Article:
I'm not feeling so hot today. I think I'm coming down with the flu, right before a business trip. When I get sick I crave homey things. One thing that I LOVE is risotto. You can add lots of different flavors to risotto because it really absorbs whatever you put in it. I made a classic risotto because I have a sore throat and didn't feel like getting fancy. The trick to risotto is to add the broth a little at a time and constantly stir. So pull up a stool, pour yourself a glass of wine (if you're not under the weather) and start working those arm muscles, it's worth it in the end.


1 shallot, finely diced
2 cups of aborio rice
1/2 -3/4 cup dry white wine
5-6 cups of hot chicken stock (put it in a sauce pan and keep it on medium low on the stove)
olive oil
salt and pepper
fresh thyme leaves
Parmesan cheese

In a deep and wide sauce pan, heat the olive oil. Add shallots and saute till translucent, don't burn. Add the rice and stir for a few minutes till the rice starts to become a little translucent at the ends. Add the wine and stir, scraping the bits off the bottom of the pan.

Start ladling the chicken stock 2 ladle fulls at a time into the rice. Adjust the heat to medium/medium high to make the liquid evaporate at 2-3 minute intervals. Keep ladling in the stock every 2-3 minutes or until the liquid has been absorbed. After about 15-18 minutes of stirring, season with the salt, pepper, and thyme and taste. Adjust to your likings of salty and pepperiness. Once the rice is soft but still a little al dente, pull off the heat and grate Parmesan cheese on top. Consume.

*You can add mushrooms and more thyme to make a delicious second risotto.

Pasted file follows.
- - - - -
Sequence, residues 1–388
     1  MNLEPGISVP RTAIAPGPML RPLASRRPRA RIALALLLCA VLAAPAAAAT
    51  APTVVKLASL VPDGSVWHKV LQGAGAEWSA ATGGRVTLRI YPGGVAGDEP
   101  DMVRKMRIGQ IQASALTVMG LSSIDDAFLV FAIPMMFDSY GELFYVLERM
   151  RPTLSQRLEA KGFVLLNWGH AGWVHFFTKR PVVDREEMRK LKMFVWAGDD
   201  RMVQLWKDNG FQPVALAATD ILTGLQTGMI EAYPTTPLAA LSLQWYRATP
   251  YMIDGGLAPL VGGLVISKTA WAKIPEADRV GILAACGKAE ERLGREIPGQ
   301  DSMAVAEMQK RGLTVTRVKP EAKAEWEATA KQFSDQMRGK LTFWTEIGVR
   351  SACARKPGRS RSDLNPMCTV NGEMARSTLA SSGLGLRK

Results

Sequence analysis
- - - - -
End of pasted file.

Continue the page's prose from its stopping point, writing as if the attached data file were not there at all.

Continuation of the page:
Sunday, July 11, 2010

Penne with Vodka Cream Sauce

I usually don't make pasta. It is one of those things that for me, once you eat it, you keep eating it. So I try and only make it for special occasions, or if I'm feeding an army of people. I'm using whole wheat Penne but you can use any type of pasta your little heart desires.

You can make this two ways, one going gung-ho and opt for the cream, or you can save calories and use whole or skim milk. You won't get the richness that comes from the cream but it isn't bad at all. You can also add meat to this sauce, not technically a Vodka Cream Sauce, but it adds some protein.

Penne with Vodka Cream Sauce

1/2 box whole wheat Penne Rigate
1/2 onion, diced
3 garlic cloves, finely minced
Salt and Pepper (about 1 tsp each)
1/2 cup vodka
2 bay leaves
1-2 pinches of red pepper flakes
1 tsp garlic powder
1 tsp onion powder
1 tsp oregano
1 tsp chili powder
1 tsp marjoram (optional)
2 cans of tomato sauce
1/2 can tomato paste (small can)
2 tsp sugar (optional, depending on taste)
1/2 cup cream or milk
1 bunch of fresh parsley, chopped
chiffonade of 7 basil leaves
Parmesan cheese for dusting afterwards

Saute the onion and garlic in olive oil for a few minutes. Add the bay leaves and the dried herbs through the marjoram and stir to combine. Continue to saute the onion till translucent and add the vodka. Let some of the alcohol evaporate for a few minutes and then add the tomato sauce and paste, stir to combine. Add some water if the sauce it too think. Continue to cook on low heat for 20-30 minutes. Taste after 20 minutes and adjust for seasoning, add sugar at this point if necessary.

Meanwhile boil pasta water and cook pasta till al dente. Add pasta just before it's fully cooked to the sauce and continue to cook the pasta in the sauce. Once the pasta is cooked, add the cream/milk along with the fresh herbs and stir to combine. Sprinkle with Parmesan cheese and serve.

*If you don't feel like making your own tomato sauce, you can use store bought sauce and doctor it up a bit with some seasoning. In a saute pan, add the tomato sauce and bring to a boil. Add the vodka and let some of the alcohol evaporate. Add the cooked pasta with a bit (1/2 cup) of the cooking liquid and let the pasta finish cooking in the sauce. At the very last moment, add the cream/milk and toss to combine. Garnish with the fresh herbs and cheese.